Mr. J.A. Costello: I challenged the Taoiseach when he came to speak during this debate to say whether that was true or not. He sat down without answering my question. I repeat it now. We can only speculate on the reasons for this change. My reasons for moving this motion have nothing to do with politics. I stated yesterday that—speaking as a politician, representative of a political Party—I was anxious for an election. I gave three major reasons to-day as to why there should be an immediate election, but not one single one of these was answered either by the Taoiseach or by the Minister for External Affairs or by the Minister for Defence or by Deputy Allen who spoke——
Mr. J.A. Costello: Not one single answer was given to one of them. I put the first argument, based upon the dislocation of business. The Minister for Defence was the first to speak from the Government Benches. He contented himself with quoting from newspapers in order to show that a remark that somebody had made to the effect that everybody thought there would be an immediate election was not true. That was the sole contribution he made in circumstances where Cork City had spoken so emphatically to get out and where County Louth had spoken in its own way equally emphatically.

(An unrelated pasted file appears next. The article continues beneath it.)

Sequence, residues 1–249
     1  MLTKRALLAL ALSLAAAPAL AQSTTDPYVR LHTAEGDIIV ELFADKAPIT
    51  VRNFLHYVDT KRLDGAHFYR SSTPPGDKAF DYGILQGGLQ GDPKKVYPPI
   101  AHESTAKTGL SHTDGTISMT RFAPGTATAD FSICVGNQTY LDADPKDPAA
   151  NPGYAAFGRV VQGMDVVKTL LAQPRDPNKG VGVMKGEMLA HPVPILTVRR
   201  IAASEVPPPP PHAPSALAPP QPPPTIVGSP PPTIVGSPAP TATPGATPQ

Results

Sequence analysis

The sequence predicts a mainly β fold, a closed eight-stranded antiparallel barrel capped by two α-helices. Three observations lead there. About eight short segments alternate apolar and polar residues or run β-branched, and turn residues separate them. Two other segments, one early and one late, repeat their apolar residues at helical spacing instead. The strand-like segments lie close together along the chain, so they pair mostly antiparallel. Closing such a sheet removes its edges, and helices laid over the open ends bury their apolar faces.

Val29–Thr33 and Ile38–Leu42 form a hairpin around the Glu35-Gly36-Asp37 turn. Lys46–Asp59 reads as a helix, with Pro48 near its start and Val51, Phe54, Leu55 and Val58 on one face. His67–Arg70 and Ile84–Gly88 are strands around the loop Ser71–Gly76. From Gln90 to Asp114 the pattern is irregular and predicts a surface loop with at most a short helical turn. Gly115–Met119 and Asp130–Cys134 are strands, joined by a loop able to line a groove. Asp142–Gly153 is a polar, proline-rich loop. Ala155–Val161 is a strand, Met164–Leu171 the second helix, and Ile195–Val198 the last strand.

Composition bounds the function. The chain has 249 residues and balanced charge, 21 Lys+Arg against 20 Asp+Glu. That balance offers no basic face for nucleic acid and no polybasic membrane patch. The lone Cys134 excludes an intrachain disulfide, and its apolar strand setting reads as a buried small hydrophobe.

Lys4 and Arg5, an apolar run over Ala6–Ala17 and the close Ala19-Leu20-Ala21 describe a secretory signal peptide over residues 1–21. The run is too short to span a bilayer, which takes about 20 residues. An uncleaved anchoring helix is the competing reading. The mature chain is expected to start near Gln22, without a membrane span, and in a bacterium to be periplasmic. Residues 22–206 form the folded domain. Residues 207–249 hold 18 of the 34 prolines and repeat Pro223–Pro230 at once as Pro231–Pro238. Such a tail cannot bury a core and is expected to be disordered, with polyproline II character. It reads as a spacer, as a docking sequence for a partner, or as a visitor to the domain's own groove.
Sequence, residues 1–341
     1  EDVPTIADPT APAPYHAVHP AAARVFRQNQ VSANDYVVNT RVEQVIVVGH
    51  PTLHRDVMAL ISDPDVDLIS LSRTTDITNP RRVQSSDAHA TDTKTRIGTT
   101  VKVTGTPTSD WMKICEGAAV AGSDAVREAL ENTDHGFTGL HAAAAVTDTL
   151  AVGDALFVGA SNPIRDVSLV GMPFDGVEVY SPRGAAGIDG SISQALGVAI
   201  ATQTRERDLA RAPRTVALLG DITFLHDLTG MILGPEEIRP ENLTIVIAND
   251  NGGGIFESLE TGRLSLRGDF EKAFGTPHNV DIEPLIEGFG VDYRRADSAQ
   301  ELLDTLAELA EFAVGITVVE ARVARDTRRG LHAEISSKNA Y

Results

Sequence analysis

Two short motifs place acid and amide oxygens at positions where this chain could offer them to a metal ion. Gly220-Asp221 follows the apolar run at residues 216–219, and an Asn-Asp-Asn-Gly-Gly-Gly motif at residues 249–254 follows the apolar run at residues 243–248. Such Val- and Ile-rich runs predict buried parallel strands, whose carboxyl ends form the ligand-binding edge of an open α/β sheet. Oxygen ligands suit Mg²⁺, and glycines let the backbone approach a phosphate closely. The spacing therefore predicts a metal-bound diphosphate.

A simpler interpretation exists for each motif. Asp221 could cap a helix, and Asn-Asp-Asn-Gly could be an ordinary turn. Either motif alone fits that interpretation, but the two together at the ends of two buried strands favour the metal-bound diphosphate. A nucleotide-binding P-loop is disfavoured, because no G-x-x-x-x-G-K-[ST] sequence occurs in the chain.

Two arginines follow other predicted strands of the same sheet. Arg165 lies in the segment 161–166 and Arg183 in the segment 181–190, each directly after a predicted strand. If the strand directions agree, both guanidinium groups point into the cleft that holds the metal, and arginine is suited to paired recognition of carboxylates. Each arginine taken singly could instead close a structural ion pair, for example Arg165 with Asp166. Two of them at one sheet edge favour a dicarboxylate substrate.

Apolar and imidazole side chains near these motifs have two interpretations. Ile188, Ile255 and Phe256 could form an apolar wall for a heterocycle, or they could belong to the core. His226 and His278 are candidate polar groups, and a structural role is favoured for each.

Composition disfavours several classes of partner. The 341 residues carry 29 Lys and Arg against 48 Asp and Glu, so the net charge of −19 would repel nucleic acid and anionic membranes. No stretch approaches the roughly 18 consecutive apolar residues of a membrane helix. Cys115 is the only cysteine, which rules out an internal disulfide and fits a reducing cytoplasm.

Mr. J.A. Costello: The sole thing which I could get out of the Taoiseach's statement dealing with the issues involved in this motion was that because they had framed the Book of Estimates they then had to frame the Budget proposals so that the country would have before it the financial situation in its true colours. What is that but political expediency?
Mr. J.A. Costello: The Taoiseach's sole reference to this motion in the whole of his not too lengthy but long speech was that because they had framed the Book of Estimates they should therefore frame the Budget. That is political expediency. Many of my colleagues have said that no matter what Budget comes in, no matter how it is framed, the people will not believe that it is anything other than an election Budget, introduced and devised for the purpose of trying to salvage some part at least of the wreckage of Fianna Fáil's political fortunes.